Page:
Only birders can stop the slaughter of migratory shorebirds in the Caribbean



Take a look at this video of hunters killing shorebirds in Guadaloupe.  This is an outrageous and irresponsible slaughter that should offend anyone, hunter or nonhunter. These killers, sanctioned by French law, are slaughtering many of the same birds we are trying to protect including the whimbrel, Machi.  She died at the wrong end of a gun after heroically flying through Hurricane Irene.  There are conservation groups, like Manomet Center for Conservation Sciences and Birdlife International, that are trying to stop it.  But they face mountainous odds mostly because the French consider this slaugter a tradition and the Government of France allows this killing via a legal hunting season on shorebirds.

So why is this so hard to fight?  Some bring up the lack of data, others the difficulty of international relations, but for me there is one main problem — why don’t the people who love birds care enough to unite and act?

It’s true that birders participate in activities in which they appreciate birds.  They will often take costly trips to exotic places, buy expensive equipment to see the beauty in birds and photograph it in fine detail.  They like to gather with other like-minded people to share stories of appreciation or listen to someone wax enthusiastically about the oddity or rarities they’ve seen.   So I am not saying birders don’t appreciate birds.

But what would you say about a parent who appreciates his kids but fails to take care of them, ignores their basic needs or abandons them when they are in danger?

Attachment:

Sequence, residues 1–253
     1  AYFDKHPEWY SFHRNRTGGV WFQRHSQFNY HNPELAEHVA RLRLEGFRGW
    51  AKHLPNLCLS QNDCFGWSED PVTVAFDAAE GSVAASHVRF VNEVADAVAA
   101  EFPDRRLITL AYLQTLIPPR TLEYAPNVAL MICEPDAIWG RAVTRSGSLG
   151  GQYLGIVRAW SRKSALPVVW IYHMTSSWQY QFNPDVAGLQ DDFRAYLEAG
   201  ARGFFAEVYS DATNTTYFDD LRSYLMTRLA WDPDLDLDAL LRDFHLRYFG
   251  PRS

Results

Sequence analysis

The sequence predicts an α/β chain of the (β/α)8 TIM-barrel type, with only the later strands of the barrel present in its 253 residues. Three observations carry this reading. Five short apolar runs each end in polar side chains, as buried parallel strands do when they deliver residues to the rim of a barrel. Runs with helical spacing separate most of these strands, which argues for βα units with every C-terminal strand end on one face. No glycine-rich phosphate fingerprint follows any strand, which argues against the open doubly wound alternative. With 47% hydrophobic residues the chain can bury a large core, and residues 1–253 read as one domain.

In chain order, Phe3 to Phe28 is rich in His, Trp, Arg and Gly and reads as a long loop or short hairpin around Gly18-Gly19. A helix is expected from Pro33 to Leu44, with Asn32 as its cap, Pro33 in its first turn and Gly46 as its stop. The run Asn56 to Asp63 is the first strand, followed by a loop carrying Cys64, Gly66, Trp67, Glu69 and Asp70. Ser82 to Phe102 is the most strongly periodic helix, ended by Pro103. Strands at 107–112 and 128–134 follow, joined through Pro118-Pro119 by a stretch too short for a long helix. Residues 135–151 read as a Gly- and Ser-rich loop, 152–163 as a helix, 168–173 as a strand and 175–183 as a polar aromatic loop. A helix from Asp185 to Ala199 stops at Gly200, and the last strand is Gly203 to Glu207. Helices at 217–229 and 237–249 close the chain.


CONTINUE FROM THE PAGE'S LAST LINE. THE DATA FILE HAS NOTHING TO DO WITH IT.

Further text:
Paradoxically, hunters would not allow the wanton slaughter of a game animal (shorebirds are not game animals) because hunters take their stewardship responsibility seriously.  They kill wildlife, to be sure, but they pay for the right to hunt through the purchase of permits and duck stamps, and they voluntarily tax their equipment.  They do this to underpin a game management system that is the envy of the world, far outclassing the pitiful system patched together to conserve non-hunted (or “nongame”) wildlife.  Ironically, buying a gun achieves conservation while buying an expensive pair of binoculars or spotting scope achieves little or none.

The most important aspect of the system that protects game animals is that licenses and permits encourage the organization of hunters and, as a result, they have great influence.  In NJ alone the Federation of Sportsmen Clubs speaks with the voice of over 600,000 members (in a state of about 8 million people).  Politicians not only hear but cater to the interest of hunters and fishermen — they serve them — and hunted animals benefit.

Birders talk of their love of birds but their voice is politically weak.  There are over one million people in NJ who identify themselves as bird lovers, but they won’t voluntarily tax their equipment or require of themselves even the most modest of licenses or wildlife stamps.  Moreover, while they enjoy birds, use public lands, buy very expensive equipment, take very expensive birding vacations, and make more money than the average American, they silently standby while whole species groups, like shorebirds, circle the drain into oblivion.

When I say this to birders (and I have given the attached slideshow to New Jersey Audubon Society members), the resounding cry is “your right!  I want to help!”.   Yet they don’t.   Instead many expect the general public to do something about this knowing that we as citizens have many other important problems to wrestle with these days.  The sad fact is, this is a job for the one group of people who care most about birds.  These animals need a strong voice that will protect them in the same way that hunters protect game species.

The killing swamps in the Carribean are a screaming cry for help.  Time for action is growing short.  Soon we will look back and wish we had done more and done it sooner.  Now is the time for birders to organize — to become a voice that could rival all others.